The scientific community recently named this infection EVALI, or e-cigarette or vaping product use associated lung injury. As this pool of research grows, it will serve to inform policy-makers and federal regulation offices about how to restrict the use of these relatively new products.

As an Alabama Extension specialist, Duke is evaluating a vaping prevention program called Escape Vapes, led by Extension’s Family and Child Development educators across the state of Alabama. This prevention program is targeted toward middle and high school students, and assesses the changes in attitude about vaping. Duke said this type of education will reduce the number of people smoking, as well as those who try it for the first time.

Creating Sustainable Apparel

Today’s dress shoes are most commonly made from a variety of rubber, leather and synthetic materials that contribute to environmental deterioration and have negative effects on industry workers’ health. In response to this problem, Auburn University consumer and design sciences associate professor Dr. Young-A Lee and her research team developed a promising biodegradable material alternative to leather using the byproducts of fermented green tea through an Environmental Protection Agency-funded grant.

In her research at Iowa State University, Lee found that a green tea-based cellulosic material behaved the same way as leather, without the same negative environmental side effects. When the researchers combined an outer shell of cellulosic material with a hemp-based fabric on the inside, then used recycled denim to bond the two together, the result was an eco-friendly product comparable to the style and durability of a leather dress shoe.

The study concluded that the multilayered, biodegradable material presented great potential as a substitute to leather. These findings will inform future explorations into sustainable apparel and footwear practices in the industry.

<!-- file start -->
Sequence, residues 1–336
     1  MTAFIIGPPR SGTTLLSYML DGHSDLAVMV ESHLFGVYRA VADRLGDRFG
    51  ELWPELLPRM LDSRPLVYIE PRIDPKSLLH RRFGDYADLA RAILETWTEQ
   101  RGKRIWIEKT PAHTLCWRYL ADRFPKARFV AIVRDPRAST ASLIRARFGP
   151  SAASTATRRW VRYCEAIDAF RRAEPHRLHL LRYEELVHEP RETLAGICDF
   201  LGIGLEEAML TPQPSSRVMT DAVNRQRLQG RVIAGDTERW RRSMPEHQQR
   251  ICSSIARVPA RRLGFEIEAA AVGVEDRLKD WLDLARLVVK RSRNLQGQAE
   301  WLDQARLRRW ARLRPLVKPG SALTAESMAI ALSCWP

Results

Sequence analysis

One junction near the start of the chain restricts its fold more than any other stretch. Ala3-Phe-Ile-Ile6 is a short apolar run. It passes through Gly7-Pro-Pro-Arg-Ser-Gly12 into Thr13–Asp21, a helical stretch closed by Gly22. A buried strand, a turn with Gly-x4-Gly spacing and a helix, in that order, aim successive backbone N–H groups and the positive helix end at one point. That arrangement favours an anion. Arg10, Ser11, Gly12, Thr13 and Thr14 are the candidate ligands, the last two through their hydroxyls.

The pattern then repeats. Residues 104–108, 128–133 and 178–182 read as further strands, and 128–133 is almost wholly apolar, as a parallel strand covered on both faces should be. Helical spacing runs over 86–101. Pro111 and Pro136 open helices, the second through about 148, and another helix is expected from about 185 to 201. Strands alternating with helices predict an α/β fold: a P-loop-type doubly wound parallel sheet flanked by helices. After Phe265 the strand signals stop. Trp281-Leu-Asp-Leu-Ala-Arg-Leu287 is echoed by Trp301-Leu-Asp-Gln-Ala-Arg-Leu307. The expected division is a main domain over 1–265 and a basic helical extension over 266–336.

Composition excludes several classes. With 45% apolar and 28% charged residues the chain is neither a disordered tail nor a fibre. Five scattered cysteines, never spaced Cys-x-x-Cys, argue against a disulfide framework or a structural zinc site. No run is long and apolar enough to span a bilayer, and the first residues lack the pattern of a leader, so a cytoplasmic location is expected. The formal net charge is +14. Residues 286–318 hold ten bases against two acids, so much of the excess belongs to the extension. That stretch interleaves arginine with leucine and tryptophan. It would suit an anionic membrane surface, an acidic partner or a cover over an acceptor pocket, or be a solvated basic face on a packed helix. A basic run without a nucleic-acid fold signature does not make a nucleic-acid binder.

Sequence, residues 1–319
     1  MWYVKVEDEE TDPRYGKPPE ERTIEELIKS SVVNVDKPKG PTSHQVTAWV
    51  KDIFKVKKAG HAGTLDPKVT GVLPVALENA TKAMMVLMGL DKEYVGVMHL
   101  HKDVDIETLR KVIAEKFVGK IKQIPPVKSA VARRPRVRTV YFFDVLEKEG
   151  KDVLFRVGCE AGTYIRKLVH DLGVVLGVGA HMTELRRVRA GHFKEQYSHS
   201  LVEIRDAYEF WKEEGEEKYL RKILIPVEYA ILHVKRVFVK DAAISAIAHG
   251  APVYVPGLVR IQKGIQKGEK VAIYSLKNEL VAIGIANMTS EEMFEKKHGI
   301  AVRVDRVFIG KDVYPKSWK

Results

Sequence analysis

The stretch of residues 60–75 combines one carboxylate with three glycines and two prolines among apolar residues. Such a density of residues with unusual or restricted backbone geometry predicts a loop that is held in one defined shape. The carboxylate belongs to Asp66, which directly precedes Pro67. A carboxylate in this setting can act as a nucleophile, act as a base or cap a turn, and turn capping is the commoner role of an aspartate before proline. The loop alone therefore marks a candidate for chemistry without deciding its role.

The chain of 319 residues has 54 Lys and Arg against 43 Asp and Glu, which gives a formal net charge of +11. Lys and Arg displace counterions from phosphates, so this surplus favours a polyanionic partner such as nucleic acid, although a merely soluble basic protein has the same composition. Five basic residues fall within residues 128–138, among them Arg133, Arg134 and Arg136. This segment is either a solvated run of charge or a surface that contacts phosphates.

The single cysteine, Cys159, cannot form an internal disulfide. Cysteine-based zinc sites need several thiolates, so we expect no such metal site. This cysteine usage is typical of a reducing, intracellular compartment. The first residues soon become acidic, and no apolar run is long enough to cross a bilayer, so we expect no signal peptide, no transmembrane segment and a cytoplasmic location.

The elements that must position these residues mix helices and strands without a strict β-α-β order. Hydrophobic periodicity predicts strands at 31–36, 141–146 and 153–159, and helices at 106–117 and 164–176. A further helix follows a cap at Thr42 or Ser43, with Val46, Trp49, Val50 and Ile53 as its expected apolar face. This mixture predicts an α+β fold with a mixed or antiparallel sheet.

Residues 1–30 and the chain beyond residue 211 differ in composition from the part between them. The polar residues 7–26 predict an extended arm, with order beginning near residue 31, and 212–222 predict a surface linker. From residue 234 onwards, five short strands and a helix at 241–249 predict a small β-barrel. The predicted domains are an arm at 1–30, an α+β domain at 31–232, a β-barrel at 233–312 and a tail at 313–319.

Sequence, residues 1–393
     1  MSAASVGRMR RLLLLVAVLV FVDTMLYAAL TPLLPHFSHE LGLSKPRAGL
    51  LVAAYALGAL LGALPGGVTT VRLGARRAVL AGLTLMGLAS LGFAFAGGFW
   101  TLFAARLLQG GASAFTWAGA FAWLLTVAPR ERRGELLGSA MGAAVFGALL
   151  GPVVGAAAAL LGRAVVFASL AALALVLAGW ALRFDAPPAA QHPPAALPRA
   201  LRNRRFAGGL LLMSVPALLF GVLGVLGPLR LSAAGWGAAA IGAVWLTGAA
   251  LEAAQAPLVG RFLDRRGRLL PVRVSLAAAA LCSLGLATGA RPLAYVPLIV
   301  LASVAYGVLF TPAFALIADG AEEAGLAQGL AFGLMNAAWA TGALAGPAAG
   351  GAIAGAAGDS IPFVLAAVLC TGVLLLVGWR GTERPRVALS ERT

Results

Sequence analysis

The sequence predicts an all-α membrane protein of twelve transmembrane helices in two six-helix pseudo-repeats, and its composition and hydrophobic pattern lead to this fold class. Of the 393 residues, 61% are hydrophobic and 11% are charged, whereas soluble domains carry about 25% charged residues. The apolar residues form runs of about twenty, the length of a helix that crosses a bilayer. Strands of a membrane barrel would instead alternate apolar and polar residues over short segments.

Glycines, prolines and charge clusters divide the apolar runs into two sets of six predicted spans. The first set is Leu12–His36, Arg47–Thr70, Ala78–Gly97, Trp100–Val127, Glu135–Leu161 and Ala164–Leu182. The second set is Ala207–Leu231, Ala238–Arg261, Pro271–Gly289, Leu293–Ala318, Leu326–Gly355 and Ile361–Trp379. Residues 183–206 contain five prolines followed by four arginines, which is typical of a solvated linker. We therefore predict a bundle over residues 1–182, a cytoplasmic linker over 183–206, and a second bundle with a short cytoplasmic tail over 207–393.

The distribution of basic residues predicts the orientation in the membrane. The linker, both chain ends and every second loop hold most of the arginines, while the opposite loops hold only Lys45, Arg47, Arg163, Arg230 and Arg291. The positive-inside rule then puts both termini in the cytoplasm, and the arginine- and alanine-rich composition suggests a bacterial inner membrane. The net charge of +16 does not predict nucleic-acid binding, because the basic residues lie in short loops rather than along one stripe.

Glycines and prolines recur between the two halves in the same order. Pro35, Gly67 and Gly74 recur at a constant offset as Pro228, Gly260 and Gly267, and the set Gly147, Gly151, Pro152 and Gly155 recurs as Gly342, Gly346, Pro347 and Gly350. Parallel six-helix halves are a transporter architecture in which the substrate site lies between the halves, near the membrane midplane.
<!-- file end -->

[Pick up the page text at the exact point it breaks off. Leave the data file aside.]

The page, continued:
“Fashion, to most people, is an ephemeral expression of culture, art and technology manifesting itself in form,” Lee said. “Fashion companies keep producing new materials and clothing, from season to season, year to year, to fulfill consumers' desire and needs. This is really the time to think about where these items eventually go. We really need to think about new ways of creating sustainable materials and products made out of those materials, which contributes to the betterment of people, the planet and our society.”

Auburn University is a nationally ranked land grant institution recognized for its commitment to world-class scholarship, interdisciplinary research with an elite, top-tier Carnegie R1 classification and an undergraduate education experience second to none. Auburn is home to more than 30,000 students, and its faculty and research partners collaborate to develop and deliver meaningful scholarship, science and technology-based advancements that meet pressing regional, national and global needs. Auburn's commitment to active student engagement, professional success and public/private partnership drives a growing reputation for outreach and extension that delivers broad economic, health and societal impact. Auburn's mission to educate, discover and collaborate drives its expanding impact on the world.